I think they need to be more thankful for what they've got here. Many of the military campgrounds where we've stayed had much more noise than this -- loud cargo and fighter planes at Air Force bases, helicopters and shooting ranges at Navy bases and Army posts, nearby trains, construction projects, horns, sirens, and so on.

Beautiful reflections in the lake

We can't complain about life by the lake at Eagle Hammock. It's mostly a quiet, restful place with calming views of the water.


Through the years we've discovered that many snowbirds who stay for several months at a particular RV park -- whether military, public, or private -- want lots of organized activities. I guess they get bored by themselves or they aren't motivated enough to organize their own preferred group activities. Maybe when we're in our 70s or 80s we'll be that way, too.

Some military campgrounds provide social activities. In our experience, most don't. Perhaps Florida in the winter is different.

It appears to us that Eagle Hammock RV Park does a good job trying, although some other campers have complained about the lack of activities here. They seem to be the same curmudgeons that don't like the new cabins (they think there should be more RV pads instead), the gravel roadways through the campground (they want them all paved), the reservation system, the $1/day fee increase after none in two years, or the new limit on retiree "homesteading" in the campground for more than three or four months at a time . . .

We were pretty amazed at all the griping some people did when MWR had a two-hour feedback session for campground patrons the last night we were here. Thankfully, others like us spoke up with positive affirmations for the current MWR staff and policies.

I just don't get it. The petty complainers either need to go to some of the other military FamCamps that aren't run anywhere near as well as this one is, or do the rest of us a favor and just lease a winter spot at a private RV park in Florida where they'll pay many times the cost to find all the amenities they seek.

The volunteer who organizes social activities at Eagle Hammock RV Park this winter is named Betty. She's a retiree and lives in a small Class C motorhome two doors down from us in site #7. It's rare to find an actual activities director at a military campground, let alone one as enthusiastic as Betty.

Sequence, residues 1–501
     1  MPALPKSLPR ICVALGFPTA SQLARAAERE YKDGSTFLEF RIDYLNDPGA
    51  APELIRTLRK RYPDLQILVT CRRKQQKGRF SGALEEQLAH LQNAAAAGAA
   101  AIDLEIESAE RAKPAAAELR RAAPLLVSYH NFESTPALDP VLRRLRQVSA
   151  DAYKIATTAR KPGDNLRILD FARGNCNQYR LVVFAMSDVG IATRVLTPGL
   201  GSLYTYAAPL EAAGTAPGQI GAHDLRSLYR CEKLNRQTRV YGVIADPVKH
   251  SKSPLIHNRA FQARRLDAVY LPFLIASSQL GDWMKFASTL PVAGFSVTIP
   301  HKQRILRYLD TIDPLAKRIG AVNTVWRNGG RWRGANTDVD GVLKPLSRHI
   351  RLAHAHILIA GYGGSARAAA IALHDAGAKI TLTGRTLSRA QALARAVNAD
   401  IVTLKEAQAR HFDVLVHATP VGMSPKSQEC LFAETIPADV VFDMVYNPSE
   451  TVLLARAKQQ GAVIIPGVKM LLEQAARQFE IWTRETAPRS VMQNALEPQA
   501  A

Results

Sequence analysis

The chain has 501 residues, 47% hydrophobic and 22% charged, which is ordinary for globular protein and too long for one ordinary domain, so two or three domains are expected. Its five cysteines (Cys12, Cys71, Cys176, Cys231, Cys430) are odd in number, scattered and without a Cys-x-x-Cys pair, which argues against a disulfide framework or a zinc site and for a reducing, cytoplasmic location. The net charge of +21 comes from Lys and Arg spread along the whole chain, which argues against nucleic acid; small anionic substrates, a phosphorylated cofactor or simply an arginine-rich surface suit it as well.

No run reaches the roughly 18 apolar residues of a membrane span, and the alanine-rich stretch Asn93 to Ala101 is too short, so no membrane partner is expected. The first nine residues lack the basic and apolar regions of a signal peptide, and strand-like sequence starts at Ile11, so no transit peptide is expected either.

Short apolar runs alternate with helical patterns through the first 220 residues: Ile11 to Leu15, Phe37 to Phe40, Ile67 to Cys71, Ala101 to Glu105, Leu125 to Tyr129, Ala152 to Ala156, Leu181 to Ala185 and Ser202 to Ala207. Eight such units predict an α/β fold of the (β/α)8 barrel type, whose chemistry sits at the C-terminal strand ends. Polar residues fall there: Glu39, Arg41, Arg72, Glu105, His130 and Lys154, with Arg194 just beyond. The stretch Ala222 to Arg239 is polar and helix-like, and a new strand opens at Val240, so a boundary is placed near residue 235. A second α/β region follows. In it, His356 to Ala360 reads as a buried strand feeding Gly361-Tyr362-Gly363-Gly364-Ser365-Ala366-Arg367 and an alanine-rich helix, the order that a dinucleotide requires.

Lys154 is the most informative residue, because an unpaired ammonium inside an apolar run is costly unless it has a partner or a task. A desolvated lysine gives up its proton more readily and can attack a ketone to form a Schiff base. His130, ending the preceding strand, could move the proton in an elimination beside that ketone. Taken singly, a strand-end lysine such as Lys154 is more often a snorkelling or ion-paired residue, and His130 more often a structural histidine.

She came into the office when we were checking in the first day. She quickly introduced herself, welcomed us, offered us an activity calendar for February, and encouraged us to participate in as many activities as we were interested. Guests can either pick up a copy of the monthly activity calendar in the office or look at the calendars posted in the office, the activity building (The Nest), laundry room, or the restroom. They are readily available to everyone.

View across the wetland to lakeside sites #7-10

There was at least one activity listed on 27 of the 28 days in February.

Some of them take place at The Nest, the building in the center of the two inland campground loops. They include ice cream socials and card games on Monday nights, pizza on Tuesdays, bunco and movies on Fridays, two wine and cheese parties, a Super Bowl party, a pot luck dinner, and a pancake breakfast.

Other activities are off-base, including several trips to St. Marys for bingo, Zumba, or historical tours, three casino boat trips, and day trips to St. Augustine, the Jacksonville Zoo, and the Woodbine Opry. Some trips are via car pool and some are in a large van with a small fee for the gasoline.

I've even read complaints in the online campground reviews about having to pay a small fee for gas to attend off-base activities . . .

General John Floyd House built in 1830 in St. Marys, GA

Jim and I never choose a campground based on the activities that are offered. We aren't party animals and we don't play bingo, cards, or do Zumba. We don't care to participate in the types of large group activities we've usually seen at campgrounds -- but we don't complain about what's offered. We just do our own thing or join another couple in activities we share.

We did participate in a couple ice cream socials and pancake breakfasts at Kings Bay and Mayport. That's one way we enjoy meeting other folks in the campground.

Our preferred method, however, is to meet other campers hiking on the trails around the lake, walking their dogs, or cycling -- activities we enjoy.

I'll talk more about those things in the next entry and give you a little tour of the base.

Happy trails,

"Runtrails & Company" - Sue Norwood, Jim O'Neil, Cody the ultra Lab, and Casey-pup

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2013 Sue Norwood and Jim O'Neil